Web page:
I was very excited when my friend in NYC informed me about this exhibition. The gallery was having a reception the following day. Right away, I sent an email to my friend’s contact at the gallery to see if I could attend the reception, and they said yes!
When I got there, I was surprised and happy to see how good the turnout was because I hadn’t seen any publicity about this event in any Japanese news sources in NYC.
They selected a perfect combination of traditional and contemporary crafts. I recognized many familiar names from the Nibutani region in the town of Biratori, which is where I made my documentary.
The highlight of this exhibition is the Nosaku project. These are contemporary crafts and are just-finished products. It’s the first time these artworks have been displayed in the U.S.
In fact, I didn’t see or even hear about the project in Nibutani when I visited last summer.
The artwork is tableware made from tin. It’s a collaborative project between Nibutani and Takaoka City, Toyama Prefecture, an area that has been known for its metal casting for over 100 years. The complete information is here.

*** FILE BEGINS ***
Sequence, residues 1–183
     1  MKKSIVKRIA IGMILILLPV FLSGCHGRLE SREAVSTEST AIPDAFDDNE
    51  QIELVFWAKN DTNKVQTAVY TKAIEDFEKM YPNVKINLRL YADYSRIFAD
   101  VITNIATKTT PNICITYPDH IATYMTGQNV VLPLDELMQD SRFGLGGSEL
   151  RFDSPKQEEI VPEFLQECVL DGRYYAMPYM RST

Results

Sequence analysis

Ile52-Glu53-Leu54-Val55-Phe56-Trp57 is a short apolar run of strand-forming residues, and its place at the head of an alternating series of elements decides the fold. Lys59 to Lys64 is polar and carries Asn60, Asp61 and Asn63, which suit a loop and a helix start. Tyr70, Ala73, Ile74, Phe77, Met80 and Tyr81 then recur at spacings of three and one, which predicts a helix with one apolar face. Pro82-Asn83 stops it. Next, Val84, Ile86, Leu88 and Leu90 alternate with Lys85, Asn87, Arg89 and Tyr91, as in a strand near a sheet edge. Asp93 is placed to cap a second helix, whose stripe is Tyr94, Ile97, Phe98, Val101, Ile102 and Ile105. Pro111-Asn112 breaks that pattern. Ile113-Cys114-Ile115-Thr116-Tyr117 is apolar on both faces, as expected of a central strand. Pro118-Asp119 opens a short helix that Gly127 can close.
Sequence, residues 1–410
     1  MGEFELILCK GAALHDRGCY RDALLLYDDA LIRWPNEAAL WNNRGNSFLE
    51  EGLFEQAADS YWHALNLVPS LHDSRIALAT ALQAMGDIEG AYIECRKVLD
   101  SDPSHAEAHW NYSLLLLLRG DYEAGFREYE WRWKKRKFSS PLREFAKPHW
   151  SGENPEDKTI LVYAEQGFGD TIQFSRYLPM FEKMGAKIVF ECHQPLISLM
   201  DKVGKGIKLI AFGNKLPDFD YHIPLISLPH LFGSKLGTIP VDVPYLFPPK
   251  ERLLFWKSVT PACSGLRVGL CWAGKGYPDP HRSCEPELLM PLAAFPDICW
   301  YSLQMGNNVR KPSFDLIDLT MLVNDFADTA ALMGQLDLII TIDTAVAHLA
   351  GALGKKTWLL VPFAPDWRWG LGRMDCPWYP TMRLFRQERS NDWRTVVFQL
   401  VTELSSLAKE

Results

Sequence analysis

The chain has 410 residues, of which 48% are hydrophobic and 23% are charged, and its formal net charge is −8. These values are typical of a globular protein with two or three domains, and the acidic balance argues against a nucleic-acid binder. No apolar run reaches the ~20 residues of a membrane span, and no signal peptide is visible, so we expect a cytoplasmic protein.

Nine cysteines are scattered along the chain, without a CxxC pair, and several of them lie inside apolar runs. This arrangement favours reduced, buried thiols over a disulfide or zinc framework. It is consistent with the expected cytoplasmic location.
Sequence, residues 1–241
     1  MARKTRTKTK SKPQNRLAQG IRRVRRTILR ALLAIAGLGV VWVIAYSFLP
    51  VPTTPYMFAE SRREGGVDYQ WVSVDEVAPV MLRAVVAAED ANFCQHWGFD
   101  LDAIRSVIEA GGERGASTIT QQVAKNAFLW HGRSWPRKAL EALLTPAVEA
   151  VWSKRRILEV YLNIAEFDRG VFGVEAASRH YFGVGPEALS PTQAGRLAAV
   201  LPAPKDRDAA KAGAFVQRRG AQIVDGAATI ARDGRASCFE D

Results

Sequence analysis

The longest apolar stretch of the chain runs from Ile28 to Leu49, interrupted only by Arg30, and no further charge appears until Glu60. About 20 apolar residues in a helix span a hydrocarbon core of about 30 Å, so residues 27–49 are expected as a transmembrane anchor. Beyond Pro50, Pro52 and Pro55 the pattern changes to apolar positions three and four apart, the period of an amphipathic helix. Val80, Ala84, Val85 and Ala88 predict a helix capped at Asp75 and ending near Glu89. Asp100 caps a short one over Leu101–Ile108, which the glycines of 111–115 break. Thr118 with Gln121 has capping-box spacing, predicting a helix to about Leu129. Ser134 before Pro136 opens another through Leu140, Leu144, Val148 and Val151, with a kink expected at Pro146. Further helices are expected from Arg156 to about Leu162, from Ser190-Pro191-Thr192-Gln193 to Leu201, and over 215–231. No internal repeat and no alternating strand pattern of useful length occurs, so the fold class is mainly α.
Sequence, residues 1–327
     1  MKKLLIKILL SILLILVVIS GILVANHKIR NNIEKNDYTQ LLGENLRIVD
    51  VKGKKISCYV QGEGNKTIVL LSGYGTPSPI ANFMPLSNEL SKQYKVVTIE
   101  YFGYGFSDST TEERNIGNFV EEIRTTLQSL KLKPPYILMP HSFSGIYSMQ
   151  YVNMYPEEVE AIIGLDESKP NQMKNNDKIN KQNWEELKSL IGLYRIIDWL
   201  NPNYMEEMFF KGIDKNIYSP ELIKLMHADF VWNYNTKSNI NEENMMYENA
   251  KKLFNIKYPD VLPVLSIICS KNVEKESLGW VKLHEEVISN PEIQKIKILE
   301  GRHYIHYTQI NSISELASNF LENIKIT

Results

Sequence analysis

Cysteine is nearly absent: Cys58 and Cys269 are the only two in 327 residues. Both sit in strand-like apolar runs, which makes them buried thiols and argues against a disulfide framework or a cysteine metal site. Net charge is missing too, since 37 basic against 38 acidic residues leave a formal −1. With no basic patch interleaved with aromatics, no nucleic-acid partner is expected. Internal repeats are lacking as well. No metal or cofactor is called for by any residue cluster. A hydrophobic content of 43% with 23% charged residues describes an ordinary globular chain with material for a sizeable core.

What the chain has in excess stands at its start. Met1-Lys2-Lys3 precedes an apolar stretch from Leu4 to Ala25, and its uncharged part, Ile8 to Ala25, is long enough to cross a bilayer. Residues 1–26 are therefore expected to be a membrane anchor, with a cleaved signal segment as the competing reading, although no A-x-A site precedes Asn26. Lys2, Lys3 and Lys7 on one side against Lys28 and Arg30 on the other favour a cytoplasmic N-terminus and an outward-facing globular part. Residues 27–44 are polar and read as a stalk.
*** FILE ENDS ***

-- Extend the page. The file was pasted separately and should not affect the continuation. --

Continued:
I was especially happy to see that most of the artists are young people. They use traditional Ainu patterns that are unique to Nibutani. As I was leaving, the gallery gave me a cutlery rest, as a souvenir which I am now using at home. You can purchase these crafts if you’d like.
This is a unique opportunity to see Ainu crafts in person, so, I strongly encourage you to go to see the exhibit. For more information about Nibutani Ainu Craft, see here.
Nibutani Ainu Craft Exhibition
When: March 1-11, Wednesday – Saturday, 12pm-5pm
Where: Onishi Gallery
521 West 26th Street Lower Level, New York, NY 10001
The first embroidered garment is made by Maki Sekine, the second one is made by Sumire Kaizawa